The City of Chestermere received the Growth and Servicing Plans from the Calgary Metropolitan Region Board (CMRB) for information during the May 11 Committee of the Whole meeting.
The CMRB’s mandate is to support the long-term sustainability of the Calgary Metropolitan Region, including the City of Airdrie, City of Calgary, City of Chestermere, Town of Cochrane, Foothills County, Town of High River, Town of Okotoks, Rocky View County (RVC), Town of Strathmore and Wheatland County.
“There’s a lot to be gained through cooperation, and the growth plan really tries to emphasize these benefits. It is a globally competitive world now and to be globally competitive the region needs to do its best and create great communities so people and talent are attracted to come here, and it will grow the economy,” said Senior Planner of HDR Calthorpe, Jonathan Schmidt.
The CMRB has found that young talent is looking for great places to live first and finding employment second.
The HDR Calthorpe team undertook an extensive planning analysis and review of existing plans, through that analysis it was discovered there’s approximately 50 years of regional growth already approved in Area Structure Plans (ASP).
“Not all planned growth areas are created equal. Some may never develop due to various factors, such as market interest,” Schmidt said.
“New opportunities are still needed to adapt to the market, send a positive message to the market, and to showcase new collaborations and types of development,” he said.
The goal of the Growth and Serving Plans is to accommodate the next one million people in the area, and a half million jobs.
To achieve the goal three scenarios were reviewed.
The first scenario was business as usual, looking at if the CMRB did nothing what would happen, the second was transit-oriented development which focused on concentrated growth, and finally, compact development.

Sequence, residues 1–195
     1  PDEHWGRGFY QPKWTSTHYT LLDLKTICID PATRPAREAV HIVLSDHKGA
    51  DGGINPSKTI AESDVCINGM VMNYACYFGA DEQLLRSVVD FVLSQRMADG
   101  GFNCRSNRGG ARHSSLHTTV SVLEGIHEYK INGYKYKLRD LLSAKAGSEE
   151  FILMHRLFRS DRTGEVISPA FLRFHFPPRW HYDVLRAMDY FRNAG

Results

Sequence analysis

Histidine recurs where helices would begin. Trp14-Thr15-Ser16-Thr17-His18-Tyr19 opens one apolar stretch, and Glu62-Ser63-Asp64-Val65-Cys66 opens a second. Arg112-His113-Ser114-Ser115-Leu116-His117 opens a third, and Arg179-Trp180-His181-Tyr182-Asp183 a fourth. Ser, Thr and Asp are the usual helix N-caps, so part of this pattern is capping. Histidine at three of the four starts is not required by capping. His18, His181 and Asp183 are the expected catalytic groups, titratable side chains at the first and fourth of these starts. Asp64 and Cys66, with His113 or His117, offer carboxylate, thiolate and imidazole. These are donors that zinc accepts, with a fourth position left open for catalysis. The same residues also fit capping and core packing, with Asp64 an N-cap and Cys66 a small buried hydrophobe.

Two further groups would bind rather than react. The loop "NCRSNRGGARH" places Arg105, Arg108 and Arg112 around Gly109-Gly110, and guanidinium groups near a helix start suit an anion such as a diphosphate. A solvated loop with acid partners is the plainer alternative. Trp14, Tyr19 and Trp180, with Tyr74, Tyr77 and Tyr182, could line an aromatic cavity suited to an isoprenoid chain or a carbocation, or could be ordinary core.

Through discussions, a hybrid synthesis scenario was created of the transit-orientated development and the compact scenario that better reflected the needs and values of the Calgary region.
If the region moves towards the synthesis scenario which focuses on compact growth, and transit orientated development, the region could see benefits including a 36 per cent reduction in the amount and cost of new infrastructure, 41 per cent reduction in land consumption, 31 per cent reduction in vehicle kilometres per household, 27 per cent reduction in carbon produced per household, and 23 per cent reduction in water consumption per household.
The synthesis scenario was dependent on changing development patterns from traditional subdivisions to other place types, such as infill redevelopment, mixed-use centre, and masterplan communities.
“There would be a mix of jobs and housing, they are more diverse in land uses, it’s not just a subdivision,” Schmidt said.
The findings of the synthesis scenario indicated that the municipalities in the Calgary Metropolitan Region have generally done a better job of land use planning compared with other comparable regions. However, there is still sprawl and incompatible land uses throughout the region.
“The comparison between the scenarios don’t show differences that are as dramatic as some regions, but they do show that doing things differently can save costs and reduce the negative effects of growth,” Schmidt said.
“There are many examples where municipalities are doing well and have achieved a strong focus on infill, mixed-use, and walkability. There are important decisions to be made regarding the joint planning opportunity areas between municipalities,” he added. “The extension of transit has the greatest immediate benefit for the communities north and east of Calgary. If successful, transit expansion and focused transit orientated development to the south will be a natural future step.”
The Growth Plan policies feature compact mixed-use place types,
directing urban development to key growth areas, and reinforcing traditional rural areas with clustered development, agricultural conservation, and appropriate commercial areas.
In addition to the Growth Plan, a Servicing Plan also exists in collaboration, which includes transportation and transit, a long-term water strategy, water and wastewater utilities, stormwater management, and recreation.
“We see the plan is evolving, and we’re happy to see the continued push to have a vision articulated in the plan is now materializing, which is very important, that’s a big accomplishment,” said the Chief Administrative Officer (CAO), Bernie Morton.
“Economic development and incorporation in the plan are important for us. We believe that working collectively on economic development as a region as opposed to independently serves everyone better,” he said.
Adding, “There are certainly some challenges to the rural and urban divide, but our position has always been that we are stronger when we work collectively together with a shared common purpose and focus, rather than cross purposes.”